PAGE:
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Proceedings Paper

Preliminary observations on a history-based image display optimizer for chest images
Author(s): Harold L. Kundel; Calvin F. Nodine; Inna Brikman; Sridhar B. Seshadri; Ronald L. Arenson
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Paper Abstract

A major difficulty with currently available display systems is contrast rendition. The number of gray steps that can be displayed by a digital system driving an analog display is determined by the luminance range of the display and the signal-to-noise ratio (Schreiber, 1986). For a good display this might be 128 steps (7 bits). The minimal detectable contrast is determined by the average luminance at the eye and the image noise. Pizer and Chan (1979) using ROC techniques found the "perceived dynamic range" of a "high quality W monitor" to be about 87 steps. In their experiment, the eye was adapted to each luminance level. In a display like the chest with large bright and dark areas (heart and mediastinum vs. lungs) the eye will be adapted to some intermediate level and not optimally coupled to either the bright or the dark area. For this reason gray scale image processing is used for matching correctly the display to the observer' s perceptual system (Kundel, 1986). There have been some attempts to develop "perceptually relevant" gray scales (Johnston et al.,1985). Clinicians do not seem willing to spend the time needed to adjust optimally the controls at a display console. Even when the controls are fairly simple they still prefer images that technicians have recorded on film using some prescription for window and level. Perhaps they do not know how to optimize the contrast in the image and prefer to leave it to someone else or perhaps the controls are not as simple as they look. We have been working on a rule-based system that will select the proper gray scale transfer characteristic (GSTC) for the initial look at the image. It is based on the notion that there is an optimal GSTC for each diagnostic finding on the image and that for most images the diagnostic findings can be predicted from prompts derived directly from the clinical history. If this is the case, radiologists who receive diagnostic prompts should be able to predict the appropriate GSTC. This experiment was done to determine if radiologists can agree about the GSTC that will optimize the video display for particular diagnoses.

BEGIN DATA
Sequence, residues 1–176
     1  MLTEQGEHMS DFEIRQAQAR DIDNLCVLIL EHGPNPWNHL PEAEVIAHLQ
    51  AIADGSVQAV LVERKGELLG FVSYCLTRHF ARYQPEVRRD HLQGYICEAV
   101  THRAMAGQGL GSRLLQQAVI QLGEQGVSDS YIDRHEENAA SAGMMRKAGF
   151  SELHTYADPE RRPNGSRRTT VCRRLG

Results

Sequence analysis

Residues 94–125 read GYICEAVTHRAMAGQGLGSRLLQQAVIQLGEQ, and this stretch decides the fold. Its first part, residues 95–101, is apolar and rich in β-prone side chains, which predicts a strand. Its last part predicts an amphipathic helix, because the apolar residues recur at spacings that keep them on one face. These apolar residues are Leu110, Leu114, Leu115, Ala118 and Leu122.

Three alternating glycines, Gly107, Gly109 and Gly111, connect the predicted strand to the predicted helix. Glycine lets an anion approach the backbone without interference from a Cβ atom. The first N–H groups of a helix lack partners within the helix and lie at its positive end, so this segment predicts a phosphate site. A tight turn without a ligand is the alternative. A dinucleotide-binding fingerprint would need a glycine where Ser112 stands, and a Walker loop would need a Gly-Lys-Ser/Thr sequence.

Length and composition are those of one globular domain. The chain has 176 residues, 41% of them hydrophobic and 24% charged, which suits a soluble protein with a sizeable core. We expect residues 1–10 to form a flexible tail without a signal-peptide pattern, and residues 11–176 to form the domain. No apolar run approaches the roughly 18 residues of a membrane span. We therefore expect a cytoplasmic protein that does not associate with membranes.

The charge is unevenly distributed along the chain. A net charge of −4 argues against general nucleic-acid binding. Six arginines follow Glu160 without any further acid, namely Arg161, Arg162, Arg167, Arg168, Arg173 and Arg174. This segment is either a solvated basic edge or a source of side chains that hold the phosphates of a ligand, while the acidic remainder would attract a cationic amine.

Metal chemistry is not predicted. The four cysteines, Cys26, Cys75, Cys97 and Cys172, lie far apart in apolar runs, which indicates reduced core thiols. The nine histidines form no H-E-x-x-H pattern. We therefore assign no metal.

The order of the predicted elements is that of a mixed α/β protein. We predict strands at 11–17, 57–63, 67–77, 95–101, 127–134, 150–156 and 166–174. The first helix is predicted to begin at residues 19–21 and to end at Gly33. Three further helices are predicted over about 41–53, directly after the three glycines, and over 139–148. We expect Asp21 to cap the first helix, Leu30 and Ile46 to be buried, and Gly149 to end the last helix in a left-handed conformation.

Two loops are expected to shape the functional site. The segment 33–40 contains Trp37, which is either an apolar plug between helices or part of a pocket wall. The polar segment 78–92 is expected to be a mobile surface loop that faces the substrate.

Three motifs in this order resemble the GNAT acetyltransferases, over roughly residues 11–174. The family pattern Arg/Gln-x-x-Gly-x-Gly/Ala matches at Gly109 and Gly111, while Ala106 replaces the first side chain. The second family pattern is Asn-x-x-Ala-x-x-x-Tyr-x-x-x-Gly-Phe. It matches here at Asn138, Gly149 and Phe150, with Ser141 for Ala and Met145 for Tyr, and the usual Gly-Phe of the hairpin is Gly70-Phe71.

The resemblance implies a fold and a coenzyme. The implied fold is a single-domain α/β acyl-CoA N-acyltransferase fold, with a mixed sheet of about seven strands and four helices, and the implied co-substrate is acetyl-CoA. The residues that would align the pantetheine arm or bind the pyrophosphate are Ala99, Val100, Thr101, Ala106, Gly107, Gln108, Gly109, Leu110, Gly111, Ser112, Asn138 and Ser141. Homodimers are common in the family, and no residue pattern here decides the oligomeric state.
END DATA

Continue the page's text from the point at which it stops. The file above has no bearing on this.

Paper Details

Date Published: 1 July 1990
PDF: 3 pages
Proc. SPIE 1232, Medical Imaging IV: Image Capture and Display, (1 July 1990); doi: 10.1117/12.18840
Show Author Affiliations
Harold L. Kundel, Hospital of the Univ. of Pennsylvania (United States)
Calvin F. Nodine, Hospital of the Univ. of Pennsylvania (United States)
Inna Brikman, Hospital of the Univ. of Pennsylvania (United States)
Sridhar B. Seshadri, Hospital of the Univ. of Pennsylvania (United States)
Ronald L. Arenson, Hospital of the Univ. of Pennsylvania (United States)

Published in SPIE Proceedings Vol. 1232:
Medical Imaging IV: Image Capture and Display
Yongmin Kim, Editor(s)

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